“Good afternoon,” some say. “Everything’s okay.” Others keep silent or even seem uncomfortable at being observed like caged animals of a rare species. The children are dressed in t-shirts and shorts, and many wear rosary necklaces.

That day the center was sheltering 1,469 minors, just 28 below the limit. They arrived here after spending a maximum of 72 hours in a police holding center. All of them are boys between 10 and 17, and at least 70% of the boys arrived in the US completely alone on their journey from Mexico. But the ratio of minors traveling with their families and separated at the border is growing, too. On average the boys spend 49 days there, while the national average is 56 days.

The US government has 11,351 minors in its care in hundreds of centers, according to the latest data, which did not specify how many had been separated from their relatives. The number of children in custody grew 20% between April and May. The minors abandon the centers once they have found a family member in the US or a foster family is found. The children will be with them until a judge decides whether they can stay or not in the US. However, social services announced that they had lost 1,500 children when their guardians would not answer the phone. Many speculate that they do not answer because they too are undocumented immigrants, or because they want to avoid presenting the child to a judge.

Casa Padre is saturated. It opened in 2017 after an old abandoned Walmart superstore that took up 2.3 hectares was revamped. On the day of the visit each of the 313 rooms held four beds in the beginning but a fifth cot was being added due to the amount of kids they have to shelter. Half of the boys go to classes in the morning while the other half goes in the afternoon. At each meal, long lines form for food. Due to last year’s decrease in immigration in the wake of Trump’s policies, Southwest Key Programs was forced to fire some of its workers, but now, due to the sharp increase in numbers of migrants, they are in need of dozens of new employees.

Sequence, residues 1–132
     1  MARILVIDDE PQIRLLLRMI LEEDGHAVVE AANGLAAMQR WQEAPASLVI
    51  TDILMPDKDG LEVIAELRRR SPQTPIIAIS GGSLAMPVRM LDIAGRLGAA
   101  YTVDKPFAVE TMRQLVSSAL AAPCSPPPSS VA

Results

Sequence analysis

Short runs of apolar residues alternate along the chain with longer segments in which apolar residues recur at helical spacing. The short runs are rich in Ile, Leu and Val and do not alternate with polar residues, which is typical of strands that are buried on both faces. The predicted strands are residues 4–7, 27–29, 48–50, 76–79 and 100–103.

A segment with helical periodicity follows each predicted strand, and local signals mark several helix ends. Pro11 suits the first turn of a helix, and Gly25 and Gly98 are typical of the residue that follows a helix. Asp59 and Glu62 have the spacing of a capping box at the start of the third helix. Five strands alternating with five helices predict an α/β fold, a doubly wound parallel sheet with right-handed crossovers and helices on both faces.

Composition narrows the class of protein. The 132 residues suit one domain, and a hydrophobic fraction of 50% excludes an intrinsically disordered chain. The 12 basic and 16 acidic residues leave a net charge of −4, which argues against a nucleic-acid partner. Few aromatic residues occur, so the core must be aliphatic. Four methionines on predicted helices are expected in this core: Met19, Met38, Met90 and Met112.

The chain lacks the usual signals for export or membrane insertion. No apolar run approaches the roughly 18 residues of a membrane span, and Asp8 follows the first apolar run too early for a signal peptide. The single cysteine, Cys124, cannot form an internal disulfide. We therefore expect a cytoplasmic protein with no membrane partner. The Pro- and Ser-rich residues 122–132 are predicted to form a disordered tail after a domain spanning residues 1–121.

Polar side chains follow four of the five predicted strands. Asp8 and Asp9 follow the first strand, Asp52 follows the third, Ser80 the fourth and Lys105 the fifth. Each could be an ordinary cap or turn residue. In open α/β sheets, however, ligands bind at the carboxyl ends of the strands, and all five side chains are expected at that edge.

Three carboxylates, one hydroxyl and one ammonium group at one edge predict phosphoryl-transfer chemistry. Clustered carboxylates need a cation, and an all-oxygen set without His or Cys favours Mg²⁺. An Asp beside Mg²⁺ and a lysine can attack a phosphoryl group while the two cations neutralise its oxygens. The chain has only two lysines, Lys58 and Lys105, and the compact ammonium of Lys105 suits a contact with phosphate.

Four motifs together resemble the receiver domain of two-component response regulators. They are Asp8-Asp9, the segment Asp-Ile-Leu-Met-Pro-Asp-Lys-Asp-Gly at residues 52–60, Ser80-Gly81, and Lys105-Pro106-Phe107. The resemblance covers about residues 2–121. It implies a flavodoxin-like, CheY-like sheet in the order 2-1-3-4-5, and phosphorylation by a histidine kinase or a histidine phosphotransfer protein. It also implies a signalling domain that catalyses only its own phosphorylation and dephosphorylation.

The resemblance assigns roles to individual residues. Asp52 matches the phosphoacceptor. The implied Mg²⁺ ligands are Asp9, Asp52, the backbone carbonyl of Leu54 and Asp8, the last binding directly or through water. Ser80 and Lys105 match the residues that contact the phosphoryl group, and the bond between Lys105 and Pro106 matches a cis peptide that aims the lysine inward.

On the walls of the rooms and hallways hang motivational posters and patriotic posters. “Imagine the possibilities of your life,” or  “America, the beautiful.” There are murals with quotes from different US presidents – even from Trump. It looks like a summer camp. But only superficially, as the details show how the minors are not free. Each one wears a bracelet tag. The employees wear earpieces and they supervise every movement. On the walls one can find the “rules of behavior.” The boys can only spend two hours in the yard, and they have a right to two calls a week. When a minor arrives, they are isolated for 72 hours with medical supervision. The complex is a bunker, wrapped in an air of secrecy, surrounded by fences and security guards.

Casa Padre is located on a typical American suburban avenue, surrounded by fast food joints and gas stations. Life goes on around the center despite the stories of the almost 1,500 children in it. Omar Agustín Rodríguez, 38, does know about the complex, as he helped install the air conditioning. “I think it’s good, they help them and repatriate them,” he says, sitting inside the McDonald’s next door. Like many of the people here, Omar was born in Matamoros, Mexico – separated from Brownsville by the Río Grande and a six-foot fence. He emigrated to the US in 2000 and now has permanent residency status. He came in search of a better job and safety. He detests the forced separation of families and commends the immigrants. “I see them suffer and yet they keep fighting. I admire them,” he says.

English version by Andres Cayuela